The existence of strong regulation, per se, does not guarantee a reduction in antibiotic use. Efficient surveillance is also a challenge that needs consideration. Recent efforts are being made to globally tackle the issue of antibiotic use in farming animals (8). The recent regulation changes experienced by multiple countries and the mobilization around the world are promising. The time to act is now if we want any chances of controlling the spread of antibiotic-resistant bacteria.

1. CDC. About Antimicrobial Resistance. Accessed on Feb 2019: <>
2. CIDRAP. European study: 33,000 deaths a year from resistant infections. Accessed on Feb 2019: <>
3. Brad Spellberg, Gail R. Hansen, Avinash Kar, Carmen D. Cordova, Lance B. Price,and JamesR. Johnson. (2016) Antibiotic Resistance in Humans and Animals. Accessed on Feb 2019: <>
4. WHO. (2017) Stop using antibiotics in healthy animals to prevent the spread of antibiotic resistance. Accessed on Feb 2019: <>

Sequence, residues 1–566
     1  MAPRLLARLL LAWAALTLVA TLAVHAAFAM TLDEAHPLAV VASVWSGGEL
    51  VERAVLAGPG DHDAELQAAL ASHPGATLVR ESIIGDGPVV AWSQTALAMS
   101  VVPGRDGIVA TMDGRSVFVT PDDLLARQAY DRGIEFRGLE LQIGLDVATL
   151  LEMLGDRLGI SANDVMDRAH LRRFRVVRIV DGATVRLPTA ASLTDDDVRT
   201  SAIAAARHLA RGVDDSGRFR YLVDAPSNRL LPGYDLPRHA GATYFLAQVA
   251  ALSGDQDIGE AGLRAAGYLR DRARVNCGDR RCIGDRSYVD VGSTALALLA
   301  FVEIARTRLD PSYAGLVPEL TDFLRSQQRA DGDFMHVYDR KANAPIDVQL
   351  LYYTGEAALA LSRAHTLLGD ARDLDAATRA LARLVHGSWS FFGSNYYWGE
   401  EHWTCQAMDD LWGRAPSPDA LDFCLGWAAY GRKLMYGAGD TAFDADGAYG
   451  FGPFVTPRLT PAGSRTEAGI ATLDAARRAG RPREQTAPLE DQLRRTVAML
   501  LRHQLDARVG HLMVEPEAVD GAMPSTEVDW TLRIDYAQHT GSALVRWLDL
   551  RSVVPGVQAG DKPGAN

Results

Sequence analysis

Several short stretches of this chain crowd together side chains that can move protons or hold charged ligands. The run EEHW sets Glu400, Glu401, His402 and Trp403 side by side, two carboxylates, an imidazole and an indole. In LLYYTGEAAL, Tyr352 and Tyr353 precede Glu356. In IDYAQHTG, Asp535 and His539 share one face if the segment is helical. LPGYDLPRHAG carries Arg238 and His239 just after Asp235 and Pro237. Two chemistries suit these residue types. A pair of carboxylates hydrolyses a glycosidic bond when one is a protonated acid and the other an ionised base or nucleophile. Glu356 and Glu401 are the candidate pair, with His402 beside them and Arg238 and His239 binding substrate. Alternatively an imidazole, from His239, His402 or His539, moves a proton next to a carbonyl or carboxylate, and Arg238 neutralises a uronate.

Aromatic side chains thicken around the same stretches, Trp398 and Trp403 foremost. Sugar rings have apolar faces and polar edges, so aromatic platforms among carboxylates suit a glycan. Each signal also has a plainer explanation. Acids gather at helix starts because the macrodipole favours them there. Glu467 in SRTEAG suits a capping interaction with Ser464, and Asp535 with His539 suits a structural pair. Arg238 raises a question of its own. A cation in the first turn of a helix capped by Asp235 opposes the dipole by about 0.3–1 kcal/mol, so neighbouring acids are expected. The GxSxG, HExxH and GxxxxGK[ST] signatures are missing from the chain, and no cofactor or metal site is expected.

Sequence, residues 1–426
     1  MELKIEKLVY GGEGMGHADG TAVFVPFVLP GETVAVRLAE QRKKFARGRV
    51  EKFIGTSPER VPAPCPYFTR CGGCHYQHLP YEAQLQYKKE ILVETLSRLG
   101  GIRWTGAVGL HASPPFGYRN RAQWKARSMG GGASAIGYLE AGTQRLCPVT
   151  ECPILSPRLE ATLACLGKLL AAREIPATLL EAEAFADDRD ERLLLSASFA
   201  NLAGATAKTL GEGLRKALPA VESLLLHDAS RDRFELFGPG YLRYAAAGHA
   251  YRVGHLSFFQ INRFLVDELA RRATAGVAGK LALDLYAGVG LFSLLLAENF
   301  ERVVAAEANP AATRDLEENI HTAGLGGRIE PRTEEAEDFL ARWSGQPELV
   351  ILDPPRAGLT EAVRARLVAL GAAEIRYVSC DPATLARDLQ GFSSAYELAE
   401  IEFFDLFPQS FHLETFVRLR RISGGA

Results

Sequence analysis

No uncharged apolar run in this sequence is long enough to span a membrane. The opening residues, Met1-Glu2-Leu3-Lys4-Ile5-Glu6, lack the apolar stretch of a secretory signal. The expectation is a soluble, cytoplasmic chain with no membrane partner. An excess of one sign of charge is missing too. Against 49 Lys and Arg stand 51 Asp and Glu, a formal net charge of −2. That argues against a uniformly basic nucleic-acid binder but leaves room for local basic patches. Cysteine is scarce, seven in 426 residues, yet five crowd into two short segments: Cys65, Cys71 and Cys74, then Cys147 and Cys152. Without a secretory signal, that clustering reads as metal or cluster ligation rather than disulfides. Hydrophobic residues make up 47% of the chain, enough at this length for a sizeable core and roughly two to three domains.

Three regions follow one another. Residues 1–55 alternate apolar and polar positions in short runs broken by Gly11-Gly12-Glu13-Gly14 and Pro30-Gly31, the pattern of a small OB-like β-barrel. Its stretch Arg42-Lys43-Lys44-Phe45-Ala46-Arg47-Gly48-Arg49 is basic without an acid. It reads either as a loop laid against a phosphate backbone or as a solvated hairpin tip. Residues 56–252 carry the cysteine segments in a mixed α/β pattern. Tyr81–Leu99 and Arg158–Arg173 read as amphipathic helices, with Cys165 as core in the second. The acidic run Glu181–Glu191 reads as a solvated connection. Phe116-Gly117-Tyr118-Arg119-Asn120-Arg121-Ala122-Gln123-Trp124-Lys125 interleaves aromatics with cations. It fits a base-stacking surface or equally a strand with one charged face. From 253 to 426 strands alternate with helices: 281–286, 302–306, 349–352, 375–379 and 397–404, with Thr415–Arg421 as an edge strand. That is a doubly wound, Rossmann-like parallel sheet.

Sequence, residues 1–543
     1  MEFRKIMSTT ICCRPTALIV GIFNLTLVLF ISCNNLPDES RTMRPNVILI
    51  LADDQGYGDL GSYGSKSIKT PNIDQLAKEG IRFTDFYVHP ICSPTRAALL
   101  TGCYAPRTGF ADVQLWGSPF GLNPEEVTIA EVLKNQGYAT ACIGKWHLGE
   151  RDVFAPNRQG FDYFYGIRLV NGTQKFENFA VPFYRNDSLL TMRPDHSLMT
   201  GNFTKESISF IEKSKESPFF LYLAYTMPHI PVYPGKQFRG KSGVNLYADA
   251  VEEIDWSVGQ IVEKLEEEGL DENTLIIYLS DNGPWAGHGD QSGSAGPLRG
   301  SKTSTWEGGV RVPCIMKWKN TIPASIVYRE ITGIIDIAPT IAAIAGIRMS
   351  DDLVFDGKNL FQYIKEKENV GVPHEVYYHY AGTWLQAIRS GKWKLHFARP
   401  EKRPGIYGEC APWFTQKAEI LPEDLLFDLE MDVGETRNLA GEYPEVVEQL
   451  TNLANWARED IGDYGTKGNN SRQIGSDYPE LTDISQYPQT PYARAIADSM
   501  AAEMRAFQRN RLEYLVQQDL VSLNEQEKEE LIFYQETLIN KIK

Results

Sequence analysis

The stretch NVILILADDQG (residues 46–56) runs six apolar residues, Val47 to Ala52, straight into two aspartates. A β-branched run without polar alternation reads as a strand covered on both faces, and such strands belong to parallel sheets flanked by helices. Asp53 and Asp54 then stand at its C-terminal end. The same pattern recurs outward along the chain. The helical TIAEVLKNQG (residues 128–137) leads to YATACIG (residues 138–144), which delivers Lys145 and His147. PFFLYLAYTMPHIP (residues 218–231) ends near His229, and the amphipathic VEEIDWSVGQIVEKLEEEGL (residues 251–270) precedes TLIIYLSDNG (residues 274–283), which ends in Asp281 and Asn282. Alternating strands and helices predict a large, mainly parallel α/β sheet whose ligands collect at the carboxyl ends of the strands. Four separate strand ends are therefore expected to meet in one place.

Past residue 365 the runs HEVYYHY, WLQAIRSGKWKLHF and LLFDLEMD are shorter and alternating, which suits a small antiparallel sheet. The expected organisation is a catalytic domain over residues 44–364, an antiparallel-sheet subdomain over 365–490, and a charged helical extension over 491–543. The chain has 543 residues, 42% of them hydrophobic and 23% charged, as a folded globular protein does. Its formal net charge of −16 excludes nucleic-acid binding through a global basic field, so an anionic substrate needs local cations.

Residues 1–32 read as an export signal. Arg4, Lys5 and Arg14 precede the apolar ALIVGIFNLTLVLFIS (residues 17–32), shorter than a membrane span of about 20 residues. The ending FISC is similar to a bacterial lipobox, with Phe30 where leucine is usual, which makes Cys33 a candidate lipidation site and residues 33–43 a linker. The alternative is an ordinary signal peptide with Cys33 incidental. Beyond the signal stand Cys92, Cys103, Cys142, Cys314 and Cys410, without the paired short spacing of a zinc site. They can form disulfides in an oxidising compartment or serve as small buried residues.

5. Van Boeckel, T.P., et al. (2015). Global Trends in Antimicrobial Use in Food Animals.” Proceedings of the National Academy of Sciences, no. 16: 201503141–201503141. doi:10.1073/pnas.1503141112.
6. FDA (2015) Summary Report On Antimicrobials Sold or Distributed for Use in Food-Producing Animals.
7. CDC. Antibiotic Resistance, Food, and Food-Producing Animals. Accessed on Feb 2019: <>
8. Davis, G. S., K. et al. (2015). Intermingled Klebsiella pneumoniae populations between retail meats and human urinary tract infections. Clinical Infectious Diseases, 61(6):892–899.
9. O’Neill, J. (2015). Antimicrobials in agriculture and the environment: Reducing unnecessary use and waste: The review on antimicrobial resistance.Accessed on Feb 2019: <>
10. Lee B.Y. (2018) Salmonella Outbreak Number 16: This Time It Is Antibiotic Resistant And From Chicken. Accessed on Feb 2019: <>
11. CDC (2019) Outbreak of Multidrug-Resistant Salmonella Infections Linked to Raw Turkey Products Accessed on Feb 2019: <>
12. European Commission. (2005) Ban on antibiotics as growth promoters in animal feed enters into effect. Accessed on Feb 2019: <>
13. FDA U.S. Department of Health and Human Services. Food and Drug Administration (2013) Guidance for Industry. #213.
15. MAPA. Legislação – Alimentação Animal. Accessed on Feb 2019: <>
16. CDDEP (2016) Antibiotic Use and Resistance in Food Animals, Current Policy and Recommendations.
17. Sun J, Pan C (2018) Rabobank. China’s Antibiotics Reduction Campaign Will Impact the Entire Livestock Supply Chain.